March '15

For the Business of Apparel Decorating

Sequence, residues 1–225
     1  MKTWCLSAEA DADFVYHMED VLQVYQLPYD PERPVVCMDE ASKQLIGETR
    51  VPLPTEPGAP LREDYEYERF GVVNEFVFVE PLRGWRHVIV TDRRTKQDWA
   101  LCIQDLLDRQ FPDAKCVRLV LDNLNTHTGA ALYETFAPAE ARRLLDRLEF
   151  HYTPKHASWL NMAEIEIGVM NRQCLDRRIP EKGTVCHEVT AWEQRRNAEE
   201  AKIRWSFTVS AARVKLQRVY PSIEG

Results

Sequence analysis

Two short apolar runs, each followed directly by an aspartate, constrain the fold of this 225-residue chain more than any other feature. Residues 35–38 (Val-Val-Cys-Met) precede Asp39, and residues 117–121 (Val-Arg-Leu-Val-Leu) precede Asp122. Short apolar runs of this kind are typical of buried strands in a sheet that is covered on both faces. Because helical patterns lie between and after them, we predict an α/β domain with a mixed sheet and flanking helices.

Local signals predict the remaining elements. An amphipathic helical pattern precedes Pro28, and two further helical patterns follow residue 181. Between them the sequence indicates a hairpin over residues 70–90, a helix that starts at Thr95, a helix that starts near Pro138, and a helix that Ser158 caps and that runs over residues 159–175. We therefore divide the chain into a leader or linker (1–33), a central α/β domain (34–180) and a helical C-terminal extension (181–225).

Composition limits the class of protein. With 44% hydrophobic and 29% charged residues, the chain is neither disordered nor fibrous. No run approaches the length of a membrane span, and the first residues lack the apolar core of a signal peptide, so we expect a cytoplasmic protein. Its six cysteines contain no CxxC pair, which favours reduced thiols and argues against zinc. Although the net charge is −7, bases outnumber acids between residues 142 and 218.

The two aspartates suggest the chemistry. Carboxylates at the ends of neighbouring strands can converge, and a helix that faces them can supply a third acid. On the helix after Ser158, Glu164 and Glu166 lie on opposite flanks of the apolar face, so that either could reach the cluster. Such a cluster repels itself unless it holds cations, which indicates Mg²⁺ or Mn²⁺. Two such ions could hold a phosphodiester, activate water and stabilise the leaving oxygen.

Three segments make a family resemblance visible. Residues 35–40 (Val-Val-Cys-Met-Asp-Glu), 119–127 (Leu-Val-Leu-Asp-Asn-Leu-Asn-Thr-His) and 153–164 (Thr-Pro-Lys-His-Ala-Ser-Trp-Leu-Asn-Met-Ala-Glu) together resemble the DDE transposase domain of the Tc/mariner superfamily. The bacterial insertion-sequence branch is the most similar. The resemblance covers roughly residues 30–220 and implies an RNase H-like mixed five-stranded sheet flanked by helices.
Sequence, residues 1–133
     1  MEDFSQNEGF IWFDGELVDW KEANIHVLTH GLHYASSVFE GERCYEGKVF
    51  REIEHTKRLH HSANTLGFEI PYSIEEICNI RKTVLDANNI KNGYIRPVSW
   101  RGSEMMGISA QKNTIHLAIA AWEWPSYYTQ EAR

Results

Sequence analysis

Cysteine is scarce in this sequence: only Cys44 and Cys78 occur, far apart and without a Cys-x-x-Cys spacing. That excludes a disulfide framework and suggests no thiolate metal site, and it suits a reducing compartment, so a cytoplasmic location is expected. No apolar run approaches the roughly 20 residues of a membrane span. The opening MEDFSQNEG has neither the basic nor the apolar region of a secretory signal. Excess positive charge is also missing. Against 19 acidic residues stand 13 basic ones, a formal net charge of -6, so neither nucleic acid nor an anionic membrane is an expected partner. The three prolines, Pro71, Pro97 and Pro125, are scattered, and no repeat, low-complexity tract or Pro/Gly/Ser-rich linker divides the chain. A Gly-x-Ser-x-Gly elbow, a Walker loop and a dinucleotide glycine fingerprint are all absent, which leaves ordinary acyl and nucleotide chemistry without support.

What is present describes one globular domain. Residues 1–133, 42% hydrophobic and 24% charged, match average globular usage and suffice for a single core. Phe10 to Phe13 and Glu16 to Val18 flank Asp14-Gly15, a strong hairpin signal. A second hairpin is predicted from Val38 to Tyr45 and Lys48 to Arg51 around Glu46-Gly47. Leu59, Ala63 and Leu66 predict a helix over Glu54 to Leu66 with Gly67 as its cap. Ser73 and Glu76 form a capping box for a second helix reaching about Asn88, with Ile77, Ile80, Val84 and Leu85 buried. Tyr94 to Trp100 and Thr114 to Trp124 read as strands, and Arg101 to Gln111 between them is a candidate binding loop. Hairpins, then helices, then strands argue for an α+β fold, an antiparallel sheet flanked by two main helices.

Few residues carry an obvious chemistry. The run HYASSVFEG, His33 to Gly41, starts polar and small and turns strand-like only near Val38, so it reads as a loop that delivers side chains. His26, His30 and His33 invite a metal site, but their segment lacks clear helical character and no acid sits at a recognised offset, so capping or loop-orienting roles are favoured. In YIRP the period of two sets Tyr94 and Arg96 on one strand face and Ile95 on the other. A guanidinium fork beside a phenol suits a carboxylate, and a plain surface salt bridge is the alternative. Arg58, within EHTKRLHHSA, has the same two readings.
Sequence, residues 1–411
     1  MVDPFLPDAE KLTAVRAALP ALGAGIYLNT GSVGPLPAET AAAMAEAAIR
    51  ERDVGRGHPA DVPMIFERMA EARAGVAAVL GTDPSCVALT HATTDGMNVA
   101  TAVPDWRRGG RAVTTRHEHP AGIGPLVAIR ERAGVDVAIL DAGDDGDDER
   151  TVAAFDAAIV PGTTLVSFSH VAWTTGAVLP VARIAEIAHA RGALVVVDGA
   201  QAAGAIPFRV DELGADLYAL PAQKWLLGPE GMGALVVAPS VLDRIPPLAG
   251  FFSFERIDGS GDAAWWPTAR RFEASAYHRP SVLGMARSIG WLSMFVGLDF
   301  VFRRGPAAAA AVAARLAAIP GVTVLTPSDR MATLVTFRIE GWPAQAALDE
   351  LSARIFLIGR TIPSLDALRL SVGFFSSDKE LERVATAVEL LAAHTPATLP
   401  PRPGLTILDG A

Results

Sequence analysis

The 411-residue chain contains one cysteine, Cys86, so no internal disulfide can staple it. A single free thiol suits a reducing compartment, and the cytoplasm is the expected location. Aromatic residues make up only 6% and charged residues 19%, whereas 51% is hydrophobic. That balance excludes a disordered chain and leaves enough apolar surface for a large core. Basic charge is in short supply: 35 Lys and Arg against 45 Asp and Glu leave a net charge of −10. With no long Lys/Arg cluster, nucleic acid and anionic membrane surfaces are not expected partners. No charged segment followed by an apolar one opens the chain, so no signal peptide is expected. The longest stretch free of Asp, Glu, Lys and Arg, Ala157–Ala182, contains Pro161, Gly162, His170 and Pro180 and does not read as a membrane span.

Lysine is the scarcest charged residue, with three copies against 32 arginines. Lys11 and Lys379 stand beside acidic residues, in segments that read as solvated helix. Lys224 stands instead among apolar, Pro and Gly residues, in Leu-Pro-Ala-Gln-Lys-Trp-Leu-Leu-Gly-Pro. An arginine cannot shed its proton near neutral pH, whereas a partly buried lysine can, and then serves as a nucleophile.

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2 2 | PRINTWEAR M A RC H 20 1 5 with hot prospects most frequently, at least week- ly. You may decide to call interested prospects less frequently and maybe once a month or so for qualified prospects. Regardless of how often you choose to follow up, invest your selling time appropriately and proportionately. Concentrating the bulk of your activities on any one part of the pipeline will cause greater peaks and valleys in new account production. IT'S ALL ABOUT THE NUMBERS Let's say you've coached and developed your sales team into becoming consummate professionals— they make high-quality sales calls and allocate their selling time with aplomb and precision. But they only make three sales calls a week. Ugh, right? Every salesperson has his or her own close ratio, usually based on experience, time with the com- pany or in the territory, and motivation to sell. It's easy to calculate one's close ratio—simply add the number of sales calls made in a given period and divide by the number of new accounts closed in the same time period. For example, if a new sales rep makes 72 sales calls in the first six months and closes one new account, the close ratio would be 72-to-1. Con- versely, if the superstar sales professional makes 72 sales calls in one quarter and closes six new pieces of business, the close ratio would be 12-to-1. I've found that the average outside decorated apparel sales representative has a close ratio of between 25-to-1 and 40-to-1. Therefore, if the goal of a particular sales- person with a known close ratio of 30-to-1 is to bring in two new accounts each month, he or she must schedule, plan, and make at least 60 sales calls to reach the quota of 180 calls in three months. When you count the number of days in a year a sales rep has to sell and tend to the territory—subtracting for weekends, holidays, and emergencies— there's, at best, 220 days available. That's 55 days per quarter. For the aforementioned sales rep, it stands to reason that he or she has averaged more than 3.25 sales calls each available selling day to improve chances of closing six new accounts this quarter. The numbers are what they are—just as the ability to make high-quality sales calls and allocate one's time is what it is. It's strictly up to the individual sales rep. There's no magic wand that instantly makes new accounts fall from the sky. It takes persever- ance, awareness of one's abilities and areas for improvement, practice, and a desire to be better tomorrow than you were yester- day. Good luck. Your Personal Business Trainer | | | | pw POST- SALES CALL EVALUATION When I've joined sales reps or listened in on phone calls or Web conferences, I like to facilitate a post-call debrief by asking the following questions: • What do you think is the decision-maker's strongest unmet need? Any hot-button issues? • Today, what is his or her dominant profes- sional need—perfor- mance, finance, or image—and personal need, such as rec- ognition, authority, affiliation, or security? Is that different from previous meetings? • What new information did you learn from the meeting? What suspi- cions did you confirm? • What did you do well and what could have been done better or differently? How closely did you follow your precall plan and how did your planning help you prepare for the call? • What is your next step and objective for the following sales call?

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